What concerns these minority groups is not just that they might become targets of attacks and potential ethnic cleansing but that the local police and even the military, should it be deployed, are uninterested and unable to come to their aid.
This is worrisome because it raises the question of who might actually stop the violence in the hotspots of Eastern Ukraine, where ethnic Russians might want to join Russia in a referendum. It would be hard to imagine a Ukrainian military keeping the peace in Eastern Ukraine. Russian President Vladimir Putin’s statement to Germany indicates that he has an alternative plan to prevent outbreaks of violence wherever Russian minorities are located by relying on his own forces to provide security. This is a reality the West must come to terms with.
A second reality is that there is great opportunity here for the West to play a constructive role. If a key task is to pressure the government in Kiev to avoid military confrontation, then that has not been done by either Obama or Kerry. Obama’s suggestion that Organization for Security and Co-operation in Europe observers be scattered throughout Crimea in a monitoring capacity has merit but it must go further. Kerry’s decision to go to Kiev is less helpfulbecause it will embolden Kiev’s political protestors and possibly the government’s ultranationalist wing to push for an even more antagonistic approach.
The most significant breakthroughs so far have come not through bellicose Washington, but through Germany whose ideas of a contact group would include European nations and the UN but not the United States. Coupled with a fact finding mission the idea has been in principle accepted by Putin. If however monitoring is really going to work and if fact finding is to going to be the basis for a long term solution then all of Ukraine should come under the watchful eye of impartial observers. Putin has asked as much.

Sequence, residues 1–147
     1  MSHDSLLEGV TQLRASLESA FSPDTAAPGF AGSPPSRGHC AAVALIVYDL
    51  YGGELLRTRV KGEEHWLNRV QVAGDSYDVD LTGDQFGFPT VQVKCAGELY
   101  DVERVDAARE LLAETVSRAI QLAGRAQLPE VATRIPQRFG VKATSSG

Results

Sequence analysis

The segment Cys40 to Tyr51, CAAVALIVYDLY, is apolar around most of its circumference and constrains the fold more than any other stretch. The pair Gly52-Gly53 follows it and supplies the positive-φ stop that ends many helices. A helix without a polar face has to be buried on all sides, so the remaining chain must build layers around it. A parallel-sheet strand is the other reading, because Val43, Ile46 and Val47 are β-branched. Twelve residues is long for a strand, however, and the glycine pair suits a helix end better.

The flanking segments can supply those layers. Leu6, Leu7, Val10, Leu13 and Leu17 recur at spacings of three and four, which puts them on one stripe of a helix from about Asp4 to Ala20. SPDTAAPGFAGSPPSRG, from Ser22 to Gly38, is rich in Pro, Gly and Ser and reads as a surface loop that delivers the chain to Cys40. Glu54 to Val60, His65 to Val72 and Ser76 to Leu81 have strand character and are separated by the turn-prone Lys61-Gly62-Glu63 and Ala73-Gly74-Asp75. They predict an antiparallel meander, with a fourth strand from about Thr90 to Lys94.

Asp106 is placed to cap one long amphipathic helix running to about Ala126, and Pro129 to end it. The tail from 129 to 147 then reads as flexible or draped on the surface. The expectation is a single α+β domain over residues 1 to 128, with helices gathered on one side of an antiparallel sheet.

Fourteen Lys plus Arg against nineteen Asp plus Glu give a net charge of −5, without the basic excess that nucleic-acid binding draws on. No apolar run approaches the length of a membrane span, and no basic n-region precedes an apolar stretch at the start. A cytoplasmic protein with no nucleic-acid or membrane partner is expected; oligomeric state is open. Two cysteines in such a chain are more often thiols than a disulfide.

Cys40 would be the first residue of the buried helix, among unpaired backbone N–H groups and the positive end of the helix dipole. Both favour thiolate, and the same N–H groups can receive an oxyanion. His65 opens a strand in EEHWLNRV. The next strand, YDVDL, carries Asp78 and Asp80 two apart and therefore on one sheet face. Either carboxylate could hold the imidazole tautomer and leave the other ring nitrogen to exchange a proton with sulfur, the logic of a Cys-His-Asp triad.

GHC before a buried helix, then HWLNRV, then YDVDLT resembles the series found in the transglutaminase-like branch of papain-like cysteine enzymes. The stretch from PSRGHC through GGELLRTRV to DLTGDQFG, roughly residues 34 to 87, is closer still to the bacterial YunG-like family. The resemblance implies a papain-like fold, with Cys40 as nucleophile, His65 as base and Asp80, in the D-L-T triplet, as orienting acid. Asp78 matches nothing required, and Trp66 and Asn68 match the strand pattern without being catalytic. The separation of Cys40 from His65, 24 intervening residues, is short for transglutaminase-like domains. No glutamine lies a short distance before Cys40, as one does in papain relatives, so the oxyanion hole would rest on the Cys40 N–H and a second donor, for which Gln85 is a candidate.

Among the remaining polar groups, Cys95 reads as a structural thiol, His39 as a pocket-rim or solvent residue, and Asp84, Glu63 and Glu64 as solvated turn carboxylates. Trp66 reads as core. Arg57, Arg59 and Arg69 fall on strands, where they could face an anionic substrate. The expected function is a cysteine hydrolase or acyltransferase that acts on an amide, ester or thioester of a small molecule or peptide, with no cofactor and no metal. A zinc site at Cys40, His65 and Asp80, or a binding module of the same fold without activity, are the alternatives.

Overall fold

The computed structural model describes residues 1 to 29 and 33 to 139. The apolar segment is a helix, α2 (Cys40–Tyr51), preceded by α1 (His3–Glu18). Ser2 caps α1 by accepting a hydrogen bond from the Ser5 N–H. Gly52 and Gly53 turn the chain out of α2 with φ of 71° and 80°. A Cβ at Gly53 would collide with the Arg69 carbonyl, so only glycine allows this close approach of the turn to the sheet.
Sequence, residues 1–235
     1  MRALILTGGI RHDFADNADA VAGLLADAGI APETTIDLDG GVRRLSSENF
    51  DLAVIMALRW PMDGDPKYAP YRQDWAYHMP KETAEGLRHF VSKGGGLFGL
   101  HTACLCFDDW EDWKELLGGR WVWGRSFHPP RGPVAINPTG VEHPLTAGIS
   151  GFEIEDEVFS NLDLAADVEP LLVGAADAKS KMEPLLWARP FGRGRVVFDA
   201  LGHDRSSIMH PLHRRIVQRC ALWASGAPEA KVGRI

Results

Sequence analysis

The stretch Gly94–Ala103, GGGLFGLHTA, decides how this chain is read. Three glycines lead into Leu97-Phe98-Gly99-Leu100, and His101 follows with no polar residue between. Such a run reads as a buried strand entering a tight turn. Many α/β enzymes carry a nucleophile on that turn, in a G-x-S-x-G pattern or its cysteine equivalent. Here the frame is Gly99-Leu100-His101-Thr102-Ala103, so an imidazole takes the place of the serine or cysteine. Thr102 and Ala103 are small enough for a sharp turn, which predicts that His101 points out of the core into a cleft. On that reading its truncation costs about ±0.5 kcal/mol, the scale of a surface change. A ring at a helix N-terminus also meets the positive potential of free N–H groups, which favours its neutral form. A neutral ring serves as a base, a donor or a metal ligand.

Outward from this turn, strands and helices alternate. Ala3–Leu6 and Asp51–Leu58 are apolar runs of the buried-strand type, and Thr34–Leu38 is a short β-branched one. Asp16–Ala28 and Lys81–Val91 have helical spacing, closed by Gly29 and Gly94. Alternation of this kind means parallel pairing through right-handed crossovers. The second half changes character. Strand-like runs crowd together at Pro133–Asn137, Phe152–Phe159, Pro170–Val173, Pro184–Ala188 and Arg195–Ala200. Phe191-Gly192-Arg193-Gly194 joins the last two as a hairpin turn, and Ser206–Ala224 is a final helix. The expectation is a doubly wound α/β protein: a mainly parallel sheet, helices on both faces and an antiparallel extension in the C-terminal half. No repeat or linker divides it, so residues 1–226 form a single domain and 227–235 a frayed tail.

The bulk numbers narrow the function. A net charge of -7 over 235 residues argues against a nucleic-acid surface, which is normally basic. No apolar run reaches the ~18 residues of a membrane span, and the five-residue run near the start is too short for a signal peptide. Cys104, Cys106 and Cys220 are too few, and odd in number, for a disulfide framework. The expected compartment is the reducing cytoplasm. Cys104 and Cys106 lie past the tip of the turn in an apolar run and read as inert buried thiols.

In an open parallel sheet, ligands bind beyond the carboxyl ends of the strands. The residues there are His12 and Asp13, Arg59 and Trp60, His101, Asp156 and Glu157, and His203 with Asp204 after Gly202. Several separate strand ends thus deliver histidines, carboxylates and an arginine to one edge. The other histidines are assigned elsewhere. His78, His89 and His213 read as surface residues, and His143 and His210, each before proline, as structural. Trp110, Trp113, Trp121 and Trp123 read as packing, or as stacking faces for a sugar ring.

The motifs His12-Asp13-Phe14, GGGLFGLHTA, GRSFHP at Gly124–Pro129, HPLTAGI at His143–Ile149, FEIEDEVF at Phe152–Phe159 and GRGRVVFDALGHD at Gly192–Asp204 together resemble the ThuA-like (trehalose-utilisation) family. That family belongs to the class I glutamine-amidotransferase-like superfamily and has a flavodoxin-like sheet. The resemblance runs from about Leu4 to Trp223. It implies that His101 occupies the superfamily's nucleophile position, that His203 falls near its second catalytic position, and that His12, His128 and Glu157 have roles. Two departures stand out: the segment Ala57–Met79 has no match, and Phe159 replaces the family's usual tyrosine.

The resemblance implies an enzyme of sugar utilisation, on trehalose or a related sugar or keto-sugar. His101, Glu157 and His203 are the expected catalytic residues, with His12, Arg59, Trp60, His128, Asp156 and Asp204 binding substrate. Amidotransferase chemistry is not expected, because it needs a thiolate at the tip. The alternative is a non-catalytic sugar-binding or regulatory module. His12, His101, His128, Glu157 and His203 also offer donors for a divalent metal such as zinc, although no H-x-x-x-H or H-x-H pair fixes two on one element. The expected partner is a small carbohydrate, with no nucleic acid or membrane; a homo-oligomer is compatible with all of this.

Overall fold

A third uncomfortable reality is securing stability in Crimea when the region decides on it political future. Already autonomous, a referendum would ask whether Crimea should seek full independence. As is typical in instances of irredenta, secession would likely be followed by absorption into Russia. The difficulty is that Crimea is home to a number of distinct groups including Crimean Tatars, ethnic Russians, Ukrainian as well as a number of smaller groups who are not particularly well integrated even at the local level. Most groups in Crimea have relied on assistance from their diasporas. Crimean Tatars as the indigenous peoples of Crimea, can only expect support from each other or seek assistance from the international community. Increasingly, the Tatars are appealing to Turkey for help and a younger more radical generation looks to Saudi Arabia which offers free education to those who want it.
As a result Putin’s interests in Crimea lay in preventing outbreaks of violence among these peoples. But like the West he must confront some uncomfortable realities about the uncertainty of Crimea’s minority Tatars and its minority Ukrainian population. While the Ukrainian minority may end up leaving under duress, the Tatars have no place to go. If bloodshed is to be avoided then it is vital that both the West and Russia promote dialogue and security within Crimea. All this assumes that the West’s interests are not to make matters worse for Putin but to help all the people of Ukraine. That remains to be seen.
By David Carment. He is the editor of the Canadian Foreign Policy Journal and a professor of international affairs at Carleton University’s Norman Paterson School of International Affairs.